Another Reason Why Bottom-up Approach Should be the Norm in International Development (By Abdoulaye Zorome)

Posted: August 7, 2012 in Uncategorized

This is the kind of report you are not likely to find in an IMF or World Bank report. It is personal, based on a recent trip to my village to help them build a toilet. Throughout the trip I kept seeing and observing some of the reasons why projects, especially the ones that aim to lift people out of poverty are failing. I do not pretend to be a development expert, but this is just some personal thoughts I will like to share.

Saturday, July 28, 2012, after eating my early breakfast to start fasting for Ramadan at 4:30AM, I headed out to pick up my friends Mohamed (a rural development engineer), and Alidou, (an economist). Off to Ouahigouya, we went. My father’s village is called Sissamba. We arrived in Ouahigouya a little after 8.

Sissamba is one of the 9 villages that constitute the birthplace of Zoromes. My father Amadou (82) was born and raised in Sissamba, located at 7 kilometers outside Ouahigouya, one of the major Burkinabe cities. During a recent conversation we had, my father told me he wanted to go to the village and build them a toilet in the family compound. Whoever knows my dad, knows that he is very dynamic and always working in his farm. Despite all his energy, age is a reality that is catching up on him and he simply doesn’t have the physical capability to travel some 500 kilometers to build a toilet in the household he grew up in. Fortunately, the African culture (and many others) lies on an interesting life cycle that is beautifully captured by this Mossi proverb: donkeys birth so their backs can rest later. In other words, it was a duty for me and any other sibling for that matter to see such a project to completion (ideally).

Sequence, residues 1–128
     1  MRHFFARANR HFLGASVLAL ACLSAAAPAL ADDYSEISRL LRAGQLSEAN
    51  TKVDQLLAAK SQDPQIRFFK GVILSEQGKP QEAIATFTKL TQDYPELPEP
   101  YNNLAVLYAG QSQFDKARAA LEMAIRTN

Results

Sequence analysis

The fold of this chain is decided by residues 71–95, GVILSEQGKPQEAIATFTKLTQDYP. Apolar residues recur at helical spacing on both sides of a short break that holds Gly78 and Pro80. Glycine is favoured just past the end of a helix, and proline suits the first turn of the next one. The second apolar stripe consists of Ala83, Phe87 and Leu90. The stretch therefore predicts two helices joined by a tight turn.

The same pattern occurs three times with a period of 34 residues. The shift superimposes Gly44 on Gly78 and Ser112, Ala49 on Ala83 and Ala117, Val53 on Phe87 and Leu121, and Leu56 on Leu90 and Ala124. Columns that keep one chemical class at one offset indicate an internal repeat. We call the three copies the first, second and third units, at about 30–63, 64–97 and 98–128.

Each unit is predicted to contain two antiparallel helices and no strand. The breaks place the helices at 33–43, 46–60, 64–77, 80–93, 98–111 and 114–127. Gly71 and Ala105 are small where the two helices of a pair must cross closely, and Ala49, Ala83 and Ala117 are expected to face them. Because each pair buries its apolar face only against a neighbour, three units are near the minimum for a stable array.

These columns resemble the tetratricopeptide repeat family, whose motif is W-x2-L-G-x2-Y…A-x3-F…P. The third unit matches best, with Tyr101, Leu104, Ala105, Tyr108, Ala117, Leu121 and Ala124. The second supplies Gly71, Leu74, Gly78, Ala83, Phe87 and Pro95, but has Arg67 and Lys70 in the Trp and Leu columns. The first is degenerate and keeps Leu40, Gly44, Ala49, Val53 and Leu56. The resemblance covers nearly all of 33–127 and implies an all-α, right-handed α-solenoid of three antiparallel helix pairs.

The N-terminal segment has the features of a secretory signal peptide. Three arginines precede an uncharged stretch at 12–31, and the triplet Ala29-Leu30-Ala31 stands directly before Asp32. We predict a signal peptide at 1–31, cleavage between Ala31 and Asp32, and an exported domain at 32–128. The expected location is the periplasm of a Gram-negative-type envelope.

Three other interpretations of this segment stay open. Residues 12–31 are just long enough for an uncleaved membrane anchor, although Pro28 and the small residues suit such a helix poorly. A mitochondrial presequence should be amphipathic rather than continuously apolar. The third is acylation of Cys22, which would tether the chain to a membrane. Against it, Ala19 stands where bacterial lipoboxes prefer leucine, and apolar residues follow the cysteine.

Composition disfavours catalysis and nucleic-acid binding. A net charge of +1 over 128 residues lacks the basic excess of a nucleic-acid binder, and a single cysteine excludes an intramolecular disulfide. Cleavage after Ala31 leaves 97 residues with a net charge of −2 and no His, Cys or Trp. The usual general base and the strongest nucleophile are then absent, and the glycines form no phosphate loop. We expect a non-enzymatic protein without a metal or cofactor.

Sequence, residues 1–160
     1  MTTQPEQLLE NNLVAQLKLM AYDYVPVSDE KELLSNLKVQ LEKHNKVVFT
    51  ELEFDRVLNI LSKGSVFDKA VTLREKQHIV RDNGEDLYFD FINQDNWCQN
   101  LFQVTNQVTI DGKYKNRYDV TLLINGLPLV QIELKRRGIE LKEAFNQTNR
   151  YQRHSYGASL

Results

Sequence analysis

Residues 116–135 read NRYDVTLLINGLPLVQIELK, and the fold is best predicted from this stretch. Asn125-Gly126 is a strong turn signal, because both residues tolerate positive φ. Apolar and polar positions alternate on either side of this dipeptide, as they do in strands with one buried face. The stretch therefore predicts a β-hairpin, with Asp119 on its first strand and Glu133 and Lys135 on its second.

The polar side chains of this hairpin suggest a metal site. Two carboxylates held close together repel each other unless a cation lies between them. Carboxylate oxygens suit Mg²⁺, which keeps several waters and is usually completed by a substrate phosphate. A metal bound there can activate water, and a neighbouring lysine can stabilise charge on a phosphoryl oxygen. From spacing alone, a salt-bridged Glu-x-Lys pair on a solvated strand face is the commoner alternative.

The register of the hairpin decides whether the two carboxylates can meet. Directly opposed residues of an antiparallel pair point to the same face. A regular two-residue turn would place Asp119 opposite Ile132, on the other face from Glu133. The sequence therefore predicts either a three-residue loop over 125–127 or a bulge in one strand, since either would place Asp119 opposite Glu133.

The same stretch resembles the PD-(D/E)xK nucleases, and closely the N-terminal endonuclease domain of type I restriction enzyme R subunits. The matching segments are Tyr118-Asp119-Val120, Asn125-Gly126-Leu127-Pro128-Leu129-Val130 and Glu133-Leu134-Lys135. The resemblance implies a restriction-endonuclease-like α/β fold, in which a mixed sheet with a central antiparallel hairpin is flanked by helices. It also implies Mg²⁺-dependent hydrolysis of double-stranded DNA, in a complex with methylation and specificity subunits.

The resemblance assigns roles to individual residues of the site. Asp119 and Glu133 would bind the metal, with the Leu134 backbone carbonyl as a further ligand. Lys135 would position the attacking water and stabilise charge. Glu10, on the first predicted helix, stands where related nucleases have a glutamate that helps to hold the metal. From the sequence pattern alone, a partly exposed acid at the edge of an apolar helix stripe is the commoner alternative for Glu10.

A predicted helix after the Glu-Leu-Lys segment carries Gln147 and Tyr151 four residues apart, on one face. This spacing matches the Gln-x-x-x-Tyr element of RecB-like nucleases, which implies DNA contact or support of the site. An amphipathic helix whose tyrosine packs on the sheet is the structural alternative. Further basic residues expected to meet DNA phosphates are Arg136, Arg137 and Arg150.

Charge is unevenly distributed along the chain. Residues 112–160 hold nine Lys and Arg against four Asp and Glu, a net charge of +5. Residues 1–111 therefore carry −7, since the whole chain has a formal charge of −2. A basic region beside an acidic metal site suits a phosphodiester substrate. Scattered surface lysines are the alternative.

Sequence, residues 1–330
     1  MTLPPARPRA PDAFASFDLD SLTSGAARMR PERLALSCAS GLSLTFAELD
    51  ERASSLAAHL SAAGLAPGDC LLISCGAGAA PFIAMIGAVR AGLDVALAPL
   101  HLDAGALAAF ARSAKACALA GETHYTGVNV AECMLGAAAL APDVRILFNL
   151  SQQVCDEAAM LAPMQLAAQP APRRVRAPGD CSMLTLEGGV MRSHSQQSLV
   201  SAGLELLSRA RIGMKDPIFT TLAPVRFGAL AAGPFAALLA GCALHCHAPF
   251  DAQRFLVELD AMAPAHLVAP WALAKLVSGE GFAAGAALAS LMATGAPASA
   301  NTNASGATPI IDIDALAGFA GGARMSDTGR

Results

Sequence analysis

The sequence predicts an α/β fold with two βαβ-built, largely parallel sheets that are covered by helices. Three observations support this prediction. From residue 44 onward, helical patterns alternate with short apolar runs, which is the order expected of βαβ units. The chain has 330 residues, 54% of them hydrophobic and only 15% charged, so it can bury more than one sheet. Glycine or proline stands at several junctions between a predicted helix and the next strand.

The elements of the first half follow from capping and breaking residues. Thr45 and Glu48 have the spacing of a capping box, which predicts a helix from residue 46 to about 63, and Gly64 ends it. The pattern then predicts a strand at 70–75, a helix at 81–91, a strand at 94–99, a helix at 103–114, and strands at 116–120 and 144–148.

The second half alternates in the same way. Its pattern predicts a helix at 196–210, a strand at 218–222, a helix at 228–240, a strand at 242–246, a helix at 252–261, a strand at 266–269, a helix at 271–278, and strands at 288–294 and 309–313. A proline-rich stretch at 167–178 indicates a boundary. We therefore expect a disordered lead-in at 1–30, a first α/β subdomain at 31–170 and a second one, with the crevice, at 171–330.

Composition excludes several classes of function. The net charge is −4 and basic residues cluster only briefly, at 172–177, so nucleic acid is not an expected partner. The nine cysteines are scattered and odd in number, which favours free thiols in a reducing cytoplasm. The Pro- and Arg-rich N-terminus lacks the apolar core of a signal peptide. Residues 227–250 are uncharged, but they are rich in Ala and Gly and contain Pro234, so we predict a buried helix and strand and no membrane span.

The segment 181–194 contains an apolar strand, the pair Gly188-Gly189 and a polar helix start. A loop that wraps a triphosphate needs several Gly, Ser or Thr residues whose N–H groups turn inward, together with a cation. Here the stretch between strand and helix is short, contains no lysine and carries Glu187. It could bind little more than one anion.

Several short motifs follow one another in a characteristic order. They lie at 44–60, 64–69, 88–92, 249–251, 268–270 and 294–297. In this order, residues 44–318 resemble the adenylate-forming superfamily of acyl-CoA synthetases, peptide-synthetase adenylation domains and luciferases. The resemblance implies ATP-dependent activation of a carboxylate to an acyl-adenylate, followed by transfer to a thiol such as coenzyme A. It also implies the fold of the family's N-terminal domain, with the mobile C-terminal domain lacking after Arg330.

Many of us did not grow up with strong ties to the villages our parents were born in. In my case, my father moved to Bobo Dioulasso in 1947, where he still lives and that’s the city where all of us were born and raised in. However, my parents insisted that we all go to the village to discover our “fatherland” and were very serious that we all learn Moré, our native language. Consequently, the term hometown to me is Bobo Dioulasso. That doesn’t prevent me from visiting and doing small projects in Sissamba, a place I love.